The SU fuel pump as used in the T-Series MG is the same one used up until the
MGB. There are variations but all work on the same principals. We all know the foibles of running an old SU pump.Its a must with a T-Series MG as its right out front on the scuttle for all to see when the bonnet is raised.The last thing you would want is a reliable modern electronic pump. What fun is that?
With a little bit of maintenance and some upgrading, it can be quite reliable. But a failing pump can be aggravating and the main problem of course is the points. These used to be changed as a matter of course during a tune-up or service on these cars back in the old days. They would burn up after 10 or 15K miles, leaving one stranded or trying to figure out a way to pound on the pump with the bonnet open. An early attempt was made by SU to remedy the burning points problem by fitting a capacitor (condenser), which help to slow down the pitting on one side of the points and a build up on the other point. This was somewhat effective but in the 70s a much better improvement was made with the introduction of the diode. The diode conducts excess current back to the battery rather than across the points. This does not eliminate the problem, but it sure helps. The diode needed can be found at Radio Shack for about 1 buck or less. It is a bit of a pain to install because it must go inside the pump, under the cap where the contact set is located. Later pumps have a stepped cap, which has a good bit more room, which is helpful --- good flea market item to be on the lookout for.
What I like to do to an old but serviceable pump is the following:
- Install double contact points
- Clean off residue
- Check diaphragm
- Adj. Diaphragm
- Install diode Radio Shack Part #276-1143 for diode (1N5402, or equal, 3 amp, 200v or more)
The original point set up in the T-Series pump was a single contact set. Upgrading to double points is a minimal effort to increase reliability. I cant imagine too many single contact sets still in use. I wont go into the procedure as its covered in the shop manual, but one of the main reasons for early trouble is the failure to clean the protective coating from the contact points. This should be wiped off with an oil-free solvent and then not touched by your fingers after installation.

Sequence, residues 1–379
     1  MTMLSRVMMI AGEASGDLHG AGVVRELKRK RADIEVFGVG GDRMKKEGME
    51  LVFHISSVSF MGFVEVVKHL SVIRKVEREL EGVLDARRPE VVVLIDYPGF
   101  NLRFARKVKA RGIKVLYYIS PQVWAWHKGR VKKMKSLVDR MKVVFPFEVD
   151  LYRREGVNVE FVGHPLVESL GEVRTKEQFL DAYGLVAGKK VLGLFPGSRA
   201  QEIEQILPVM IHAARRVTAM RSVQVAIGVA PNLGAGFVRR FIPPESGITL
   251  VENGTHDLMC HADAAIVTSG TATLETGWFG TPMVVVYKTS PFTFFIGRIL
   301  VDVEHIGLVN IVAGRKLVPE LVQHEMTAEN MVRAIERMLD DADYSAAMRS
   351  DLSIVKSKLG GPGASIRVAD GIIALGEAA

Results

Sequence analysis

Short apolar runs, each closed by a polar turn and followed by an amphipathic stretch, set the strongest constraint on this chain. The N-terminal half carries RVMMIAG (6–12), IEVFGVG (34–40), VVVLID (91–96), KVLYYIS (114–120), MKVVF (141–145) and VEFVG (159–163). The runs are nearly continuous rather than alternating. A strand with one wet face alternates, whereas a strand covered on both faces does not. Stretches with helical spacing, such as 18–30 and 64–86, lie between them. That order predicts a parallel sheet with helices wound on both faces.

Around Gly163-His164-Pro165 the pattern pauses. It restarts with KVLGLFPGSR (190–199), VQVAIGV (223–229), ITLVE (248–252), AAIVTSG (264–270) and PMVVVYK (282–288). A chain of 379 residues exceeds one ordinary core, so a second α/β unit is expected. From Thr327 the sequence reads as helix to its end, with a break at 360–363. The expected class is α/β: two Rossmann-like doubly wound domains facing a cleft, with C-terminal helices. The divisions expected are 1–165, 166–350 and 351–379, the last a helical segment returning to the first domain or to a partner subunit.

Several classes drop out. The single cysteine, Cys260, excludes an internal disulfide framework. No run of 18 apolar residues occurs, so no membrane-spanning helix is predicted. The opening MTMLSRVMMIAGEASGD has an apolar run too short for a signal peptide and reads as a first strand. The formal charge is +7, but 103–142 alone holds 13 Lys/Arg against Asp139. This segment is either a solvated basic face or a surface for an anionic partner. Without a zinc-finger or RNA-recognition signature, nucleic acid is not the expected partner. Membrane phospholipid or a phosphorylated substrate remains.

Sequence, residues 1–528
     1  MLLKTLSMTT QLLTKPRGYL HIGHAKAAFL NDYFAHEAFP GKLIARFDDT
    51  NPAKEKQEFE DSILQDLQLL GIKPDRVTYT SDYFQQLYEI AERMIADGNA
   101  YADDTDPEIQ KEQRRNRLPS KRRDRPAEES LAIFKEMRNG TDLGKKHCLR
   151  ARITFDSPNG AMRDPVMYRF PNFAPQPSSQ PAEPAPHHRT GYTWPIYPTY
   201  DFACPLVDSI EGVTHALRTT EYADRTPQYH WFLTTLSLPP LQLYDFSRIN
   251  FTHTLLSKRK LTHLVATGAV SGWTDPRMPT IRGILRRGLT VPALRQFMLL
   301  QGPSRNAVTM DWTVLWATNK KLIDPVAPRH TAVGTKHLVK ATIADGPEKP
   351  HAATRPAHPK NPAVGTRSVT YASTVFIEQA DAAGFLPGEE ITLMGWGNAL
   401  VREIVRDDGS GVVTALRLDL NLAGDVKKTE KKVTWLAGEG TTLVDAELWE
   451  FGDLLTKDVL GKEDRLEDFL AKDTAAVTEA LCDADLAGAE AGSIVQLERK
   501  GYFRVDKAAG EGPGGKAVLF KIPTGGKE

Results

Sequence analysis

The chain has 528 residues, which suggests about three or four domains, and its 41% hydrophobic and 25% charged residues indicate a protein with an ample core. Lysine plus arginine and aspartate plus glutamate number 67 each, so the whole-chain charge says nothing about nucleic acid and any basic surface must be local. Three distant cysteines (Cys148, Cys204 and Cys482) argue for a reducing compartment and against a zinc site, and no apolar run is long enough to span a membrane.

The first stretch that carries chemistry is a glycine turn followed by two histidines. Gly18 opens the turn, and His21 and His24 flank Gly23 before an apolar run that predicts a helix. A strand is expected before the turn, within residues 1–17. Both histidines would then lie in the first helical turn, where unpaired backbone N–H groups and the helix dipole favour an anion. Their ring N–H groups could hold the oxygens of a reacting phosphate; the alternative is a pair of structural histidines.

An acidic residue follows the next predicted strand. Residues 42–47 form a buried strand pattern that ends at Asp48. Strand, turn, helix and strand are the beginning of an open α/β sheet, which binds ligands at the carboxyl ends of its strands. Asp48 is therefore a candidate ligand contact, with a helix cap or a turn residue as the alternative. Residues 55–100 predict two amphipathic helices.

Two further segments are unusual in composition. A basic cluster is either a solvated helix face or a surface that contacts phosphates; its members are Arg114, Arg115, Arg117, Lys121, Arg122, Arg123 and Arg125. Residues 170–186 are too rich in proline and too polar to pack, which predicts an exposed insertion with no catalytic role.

When you replace the point set, you have to unscrew the diaphragm. Be aware that all the little brass discs will fall out so do this over a tray of some sort. No trouble, they go right back in with little effort. Inspect the diaphragm and look for any dry rot or cracks, soft spots, etc. If the diaphragm is pliable and without cracks, its probably OK for several more years. Reinstall the diaphragm with the new point set, adjusting it according to the shop manual procedure. Pushing on the small disc in the center of the diaphragm should give you that satisfying roll-over and familiar click. You may need to rotate the diaphragm one hole either way to get it to sound healthy when you connect it to 12vdc.
Next is the diode. Be aware that the diode needs to be installed the correct way relative to positive or negative ground. Install it backwards and the little diode will explode when 12v is applied, but no other damage will occur. Wear your safety goggles. Its not a big deal it just pops pretty loudly. The band on one end indicates it is the negative end so on our + ground cars, the negative end goes under the screw head for the contact set. The other end goes to the post or input terminal, thus the diode is going across the pump coil connections. For ground applications reverse the diode. The trick is to be able to do this under the cap so that the cap will still fit. You may end up with the cap being just a bit too high and not fully seating. Wrapping a few rounds of electrical tape around the seam will suffice. This was done originally to the later pumps. You may still have the wide rubber band, which will be even better. Below are a few illustrations.
Any questions or comment about this or any other MG related tech issue, please email me @ Mogfrog1@aol.com.
See the drawings of the schematic, the pump, and a picture of the diode below.
Picture of Pump Diode